The tale of a TV producer who became a set-top box developer exemplifies the opportunities and challenges of Brazil's fledgling electronics industry.
SANTA CLARA, Calif. – Fernando Coelho didn’t intend to become an embedded system developer, but when Brazil’s unfriendly tax policies collided with its emerging market opportunities, that’s just what happened.
The story of the Sao Paulo TV producer is an example of the hopes and challenges of Brazil’s fledgling electronics industry.
“I wasn’t supposed to be a developer, but I became one to build my own network infrastructure,” said Coelho, who started video services provider ImagineAgeTV in 2005.
High taxes on imported Ethernet IPTV set-top boxes “broke the business model,” forcing Coelho to create a four-person engineering team to design his own device. Today the 32-person startup reaps about $4.5 million a year from its network of 1,000 homegrown PC-based set tops, a third of which deliver on-demand services over dial-up class links to remote areas “in the middle of nowhere, in jungles and on ferries,” he said.
For the last decade, the Brazilian government has been hammering out more business friendly policies and initiatives to nurture an electronics market expected to surpass $70 billion in 2012. It bankrolled South America’s first chip foundry, Ceitec S.A., in 2009.
Ceitec now employs 175 people including 55 chip designers, ramping production of 600-nm process technology on six-inch wafers. It aims to make as many as 800 wafers a week when running at capacity in about 2014, said Eric Fabris, an engineering educator who spoke on Brazil’s industry in a recent panel discussion here.
In early October, two Brazilian banks announced plans for a $500 million investment in a second fab, SIX Semicondutores. IBM is said to be taking an 18 percent stake in the venture which mainly aims at export markets and expects to be in production in about two years.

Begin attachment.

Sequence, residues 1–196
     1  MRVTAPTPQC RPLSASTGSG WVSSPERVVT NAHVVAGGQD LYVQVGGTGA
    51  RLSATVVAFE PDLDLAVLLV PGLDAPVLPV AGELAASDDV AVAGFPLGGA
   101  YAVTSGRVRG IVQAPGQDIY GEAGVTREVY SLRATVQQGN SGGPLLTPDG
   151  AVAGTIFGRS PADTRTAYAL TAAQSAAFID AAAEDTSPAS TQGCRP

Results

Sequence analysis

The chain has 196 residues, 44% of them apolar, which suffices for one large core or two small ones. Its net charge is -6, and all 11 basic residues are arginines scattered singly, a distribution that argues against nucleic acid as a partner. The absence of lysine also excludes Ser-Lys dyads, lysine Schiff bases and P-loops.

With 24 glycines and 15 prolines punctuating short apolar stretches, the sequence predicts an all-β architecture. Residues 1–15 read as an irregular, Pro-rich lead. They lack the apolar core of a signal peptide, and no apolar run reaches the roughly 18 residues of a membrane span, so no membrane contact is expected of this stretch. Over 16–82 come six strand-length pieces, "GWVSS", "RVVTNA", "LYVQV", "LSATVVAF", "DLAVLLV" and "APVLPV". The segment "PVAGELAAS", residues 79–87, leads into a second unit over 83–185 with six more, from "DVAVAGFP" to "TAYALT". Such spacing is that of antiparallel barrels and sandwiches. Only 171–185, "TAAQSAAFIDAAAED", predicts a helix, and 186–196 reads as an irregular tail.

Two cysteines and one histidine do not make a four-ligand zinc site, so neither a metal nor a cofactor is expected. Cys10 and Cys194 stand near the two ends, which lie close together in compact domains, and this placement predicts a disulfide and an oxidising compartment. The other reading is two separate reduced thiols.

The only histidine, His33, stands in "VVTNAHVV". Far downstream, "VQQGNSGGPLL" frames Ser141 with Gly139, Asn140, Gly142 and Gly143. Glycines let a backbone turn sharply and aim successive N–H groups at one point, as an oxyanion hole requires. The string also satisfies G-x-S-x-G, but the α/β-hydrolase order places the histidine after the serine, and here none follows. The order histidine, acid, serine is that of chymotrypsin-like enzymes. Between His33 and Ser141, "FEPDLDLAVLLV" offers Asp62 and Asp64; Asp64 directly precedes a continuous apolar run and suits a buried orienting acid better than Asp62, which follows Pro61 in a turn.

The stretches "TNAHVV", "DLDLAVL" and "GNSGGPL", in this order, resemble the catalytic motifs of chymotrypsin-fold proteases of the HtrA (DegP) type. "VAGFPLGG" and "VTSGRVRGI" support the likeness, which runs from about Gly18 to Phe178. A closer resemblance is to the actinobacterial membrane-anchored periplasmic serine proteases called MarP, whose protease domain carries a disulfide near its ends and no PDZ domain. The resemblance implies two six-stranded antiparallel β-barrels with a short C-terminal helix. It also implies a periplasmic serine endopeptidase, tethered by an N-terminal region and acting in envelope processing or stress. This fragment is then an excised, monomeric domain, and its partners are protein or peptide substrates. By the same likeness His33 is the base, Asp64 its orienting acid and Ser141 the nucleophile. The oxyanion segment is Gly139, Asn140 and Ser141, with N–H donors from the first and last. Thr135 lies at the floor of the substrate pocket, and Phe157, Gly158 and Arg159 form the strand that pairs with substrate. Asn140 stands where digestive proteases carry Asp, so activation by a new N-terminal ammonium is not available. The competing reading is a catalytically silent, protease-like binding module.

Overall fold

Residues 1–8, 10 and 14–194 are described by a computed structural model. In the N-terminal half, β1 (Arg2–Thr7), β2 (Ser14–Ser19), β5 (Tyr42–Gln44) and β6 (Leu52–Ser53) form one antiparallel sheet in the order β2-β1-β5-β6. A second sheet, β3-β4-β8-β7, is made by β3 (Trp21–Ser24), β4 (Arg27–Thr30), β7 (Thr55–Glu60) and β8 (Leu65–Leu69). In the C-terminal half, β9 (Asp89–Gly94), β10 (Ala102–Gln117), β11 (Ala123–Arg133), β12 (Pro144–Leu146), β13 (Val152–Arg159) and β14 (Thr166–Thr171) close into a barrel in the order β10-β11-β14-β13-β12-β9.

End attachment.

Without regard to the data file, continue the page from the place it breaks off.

“The government’s desire [to nourish its electronics industry] is big, and they have money, but they don’t know how to do it,” said Jose Scodiero, a representative of ARM in Brazil, speaking on the panel. “Until 1992 there were no [electronics] multinationals in Brazil, we just assembled cars and computers [for them] and we are still somewhat in that mode,” said Scodiero, who has worked for both Apple and AMD in Brazil.
“I think we are making big progress,” said Jonny Doin of Alpha Instruments, an embedded developer now helping Coelho build an ARM-based set-top box. “One hundred percent local development is becoming a possibly—we are even getting to the IC level, but we still lack everything—we still come to the U.S. for training and test boards,” he said.
Coelho noted that Brazil’s fleet of 15,000 public transit buses use a homegrown embedded system for ticketing and its garbage collectors use a truck monitoring system also developed in Brazil. “I believe embedded solutions are a significant link in chain of development for emerging markets."
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